Leading Bosnian Croat Parties Eye Reunification

resizer12The strongest Bosnian Croat parties, the Croat Democratic Union, HDZ, and the renegade HDZ1990, inch towards reunification, with HDZ 1990 leadership expected to start discussing this issue on Thursday.

“One person cannot decide on the modalities of unification… party organs are the ones to take key decisions,” local media reported on Thursday, quoting HDZ1990 president Bozo Ljubic.

Ljubic made his comments after the process for reunification of the two Bosnian HDZ parties was officially initiated and strongly supported by the Croatian Premier Ivo Sanader, two days ago.

Eventual reunification of HDZ and HDZ1990 would reinforce Bosnian Croat negotiating positions. This process, and Sanader’s role in it, also shows a renewed strengthening of Croatian involvement in the Bosnian Croat political scene.

HDZ in Bosnia and Herzegovina was established during the violent break-up of former Yugoslavia in the 1990s, and worked as an almost integral part of the Croatian HDZ party. However, their relations slowly started to deteriorate and the parties started to grow apart following the death in 1999 of the late Croatian president and HDZ founding leader, Franjo Tudjman.

Ivo Sanader, now leader of the Croatian HDZ and new Croatian Premier, appeared significantly less hard-line than Tudjman and eventually managed a thorough reform of his party. At that time, the HDZ in Bosnia remained more radical and continued pushing for a separate Bosnian Croat entity.

After most of the war-time Bosnian Croat hard-liners had left HDZ, the weakened and somewhat less radical party was taken over in 2006 by Dragan Covic. In the same year, another senior HDZ leader, Bozo Ljubic, and a group of his followers split from HDZ, forming their own HDZ1990.

There were almost no political or ideological differences between the two parties, and the split appeared to be motivated purely by growing personal differences that were further escalated after Covic defeated Ljubic in their close race for the new HDZ presidency.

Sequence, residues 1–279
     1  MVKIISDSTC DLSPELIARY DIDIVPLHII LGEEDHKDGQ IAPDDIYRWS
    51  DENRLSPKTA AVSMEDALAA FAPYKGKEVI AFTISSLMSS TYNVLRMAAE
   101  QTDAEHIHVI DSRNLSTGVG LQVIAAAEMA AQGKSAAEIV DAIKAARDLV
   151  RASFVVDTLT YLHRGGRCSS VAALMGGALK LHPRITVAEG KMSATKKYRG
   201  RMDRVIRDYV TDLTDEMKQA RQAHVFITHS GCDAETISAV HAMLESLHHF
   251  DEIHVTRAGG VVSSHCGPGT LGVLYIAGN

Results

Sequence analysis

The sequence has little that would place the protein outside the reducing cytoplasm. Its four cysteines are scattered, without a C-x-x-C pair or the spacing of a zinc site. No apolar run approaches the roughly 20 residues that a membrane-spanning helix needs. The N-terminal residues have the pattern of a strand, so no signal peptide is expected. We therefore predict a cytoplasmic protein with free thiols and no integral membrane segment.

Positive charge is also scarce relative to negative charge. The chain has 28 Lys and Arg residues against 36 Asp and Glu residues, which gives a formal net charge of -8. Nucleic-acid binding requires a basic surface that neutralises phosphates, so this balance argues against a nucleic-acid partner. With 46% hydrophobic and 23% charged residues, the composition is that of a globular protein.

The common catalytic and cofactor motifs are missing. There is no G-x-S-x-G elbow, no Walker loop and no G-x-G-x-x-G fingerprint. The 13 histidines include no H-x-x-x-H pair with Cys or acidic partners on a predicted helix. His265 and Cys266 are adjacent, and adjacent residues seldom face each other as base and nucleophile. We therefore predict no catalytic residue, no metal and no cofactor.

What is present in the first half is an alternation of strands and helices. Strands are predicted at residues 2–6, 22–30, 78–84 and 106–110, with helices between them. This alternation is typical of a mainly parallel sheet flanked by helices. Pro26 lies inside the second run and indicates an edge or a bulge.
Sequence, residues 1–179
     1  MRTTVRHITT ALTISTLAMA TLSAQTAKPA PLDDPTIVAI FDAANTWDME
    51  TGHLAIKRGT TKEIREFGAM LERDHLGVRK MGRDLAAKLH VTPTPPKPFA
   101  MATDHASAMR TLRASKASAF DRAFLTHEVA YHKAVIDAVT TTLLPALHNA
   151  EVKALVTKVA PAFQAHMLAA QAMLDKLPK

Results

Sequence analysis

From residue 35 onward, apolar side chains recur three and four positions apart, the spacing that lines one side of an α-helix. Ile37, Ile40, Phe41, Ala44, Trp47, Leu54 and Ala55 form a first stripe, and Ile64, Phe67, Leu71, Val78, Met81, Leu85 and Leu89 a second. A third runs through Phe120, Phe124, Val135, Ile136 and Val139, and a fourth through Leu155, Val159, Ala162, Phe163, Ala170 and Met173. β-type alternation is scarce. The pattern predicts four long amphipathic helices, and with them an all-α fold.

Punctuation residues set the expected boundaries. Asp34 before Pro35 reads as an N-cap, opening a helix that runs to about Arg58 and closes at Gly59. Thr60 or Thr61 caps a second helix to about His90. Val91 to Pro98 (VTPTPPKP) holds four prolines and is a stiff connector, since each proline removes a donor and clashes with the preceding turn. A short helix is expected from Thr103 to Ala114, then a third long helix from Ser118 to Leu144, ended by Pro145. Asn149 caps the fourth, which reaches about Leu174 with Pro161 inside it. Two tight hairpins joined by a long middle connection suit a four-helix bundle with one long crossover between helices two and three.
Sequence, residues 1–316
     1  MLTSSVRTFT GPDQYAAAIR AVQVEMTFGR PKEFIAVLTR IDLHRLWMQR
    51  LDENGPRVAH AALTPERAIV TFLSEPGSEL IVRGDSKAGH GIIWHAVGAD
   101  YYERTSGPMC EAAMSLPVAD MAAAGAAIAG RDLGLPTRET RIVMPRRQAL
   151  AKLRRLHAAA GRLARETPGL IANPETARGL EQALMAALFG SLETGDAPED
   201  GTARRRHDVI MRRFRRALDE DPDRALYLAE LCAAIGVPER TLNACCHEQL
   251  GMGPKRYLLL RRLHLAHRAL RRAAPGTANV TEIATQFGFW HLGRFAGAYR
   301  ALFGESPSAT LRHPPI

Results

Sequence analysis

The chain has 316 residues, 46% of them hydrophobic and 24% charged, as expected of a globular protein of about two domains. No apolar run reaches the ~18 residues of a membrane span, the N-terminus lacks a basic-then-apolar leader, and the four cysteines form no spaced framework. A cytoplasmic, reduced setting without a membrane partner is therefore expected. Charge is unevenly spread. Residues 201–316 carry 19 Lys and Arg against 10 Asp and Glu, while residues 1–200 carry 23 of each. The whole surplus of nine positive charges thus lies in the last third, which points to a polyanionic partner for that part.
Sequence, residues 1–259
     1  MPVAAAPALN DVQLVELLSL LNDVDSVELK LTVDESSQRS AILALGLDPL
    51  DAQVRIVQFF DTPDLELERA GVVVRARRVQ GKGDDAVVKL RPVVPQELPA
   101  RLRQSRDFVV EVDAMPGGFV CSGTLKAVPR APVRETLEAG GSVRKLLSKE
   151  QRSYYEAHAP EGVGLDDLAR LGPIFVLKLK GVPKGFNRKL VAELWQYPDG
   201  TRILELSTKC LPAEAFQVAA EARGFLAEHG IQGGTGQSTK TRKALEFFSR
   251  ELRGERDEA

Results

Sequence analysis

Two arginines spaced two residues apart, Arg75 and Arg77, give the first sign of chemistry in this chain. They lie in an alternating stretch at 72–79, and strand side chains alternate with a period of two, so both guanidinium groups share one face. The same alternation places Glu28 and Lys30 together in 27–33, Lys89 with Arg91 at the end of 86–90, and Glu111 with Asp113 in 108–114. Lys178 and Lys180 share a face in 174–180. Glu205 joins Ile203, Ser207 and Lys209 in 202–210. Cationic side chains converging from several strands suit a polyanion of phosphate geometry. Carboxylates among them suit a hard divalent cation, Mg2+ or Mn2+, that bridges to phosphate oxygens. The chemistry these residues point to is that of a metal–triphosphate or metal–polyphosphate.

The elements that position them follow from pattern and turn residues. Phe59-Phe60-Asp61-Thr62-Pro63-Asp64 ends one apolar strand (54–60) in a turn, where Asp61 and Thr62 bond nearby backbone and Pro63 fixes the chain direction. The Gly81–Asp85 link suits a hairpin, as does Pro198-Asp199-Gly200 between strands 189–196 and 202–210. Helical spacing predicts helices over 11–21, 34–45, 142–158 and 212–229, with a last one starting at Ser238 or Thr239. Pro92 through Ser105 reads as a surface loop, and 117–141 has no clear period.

But, analysts say, Bosnian Croats have paid a high price for this split. With less than an estimated 15 per cent of the overall population, Bosnian Croats are the smallest of the three main ethnic groups in the country; as such, they have already been occasionally outvoted in some of the local, regional and state bodies.

Following the split, HDZ sided with the strongest Bosniak (Bosnian Muslim) Party of Democratic Action, SDA, while HDZ1990 aligned with the second-strongest Bosnian Party for Bosnia and Herzegovina, SZBH. This situation split Bosnian Croat votes even more, especially after the 2008 election defeat of SZBH and HDZ1990, and led to further marginalization of their interests.

Concerned by this situation, both local Roman Catholic leaders and the Croatian leadership appealed for reunification of Bosnian Croat top politicians.

While most of the senior members of the weakening HDZ1990 appeared in favour, Bozo Ljubic remained the main obstacle, sources close to the party leadership said.

That final obstacle appeared to be overcome on Tuesday during the visit of Croatian Premier Ivo Sanader to a regional business fair in the southern town of Mostar. He used the occasion to hold separate talks with the leadership of both parties.

After the meeting, sources close to both parties said that the modalities of reunification and the process itself should be completed within the next couple of months. This development could hopefully help improve and simplify Bosnia’s entangled political scene, analysts say.

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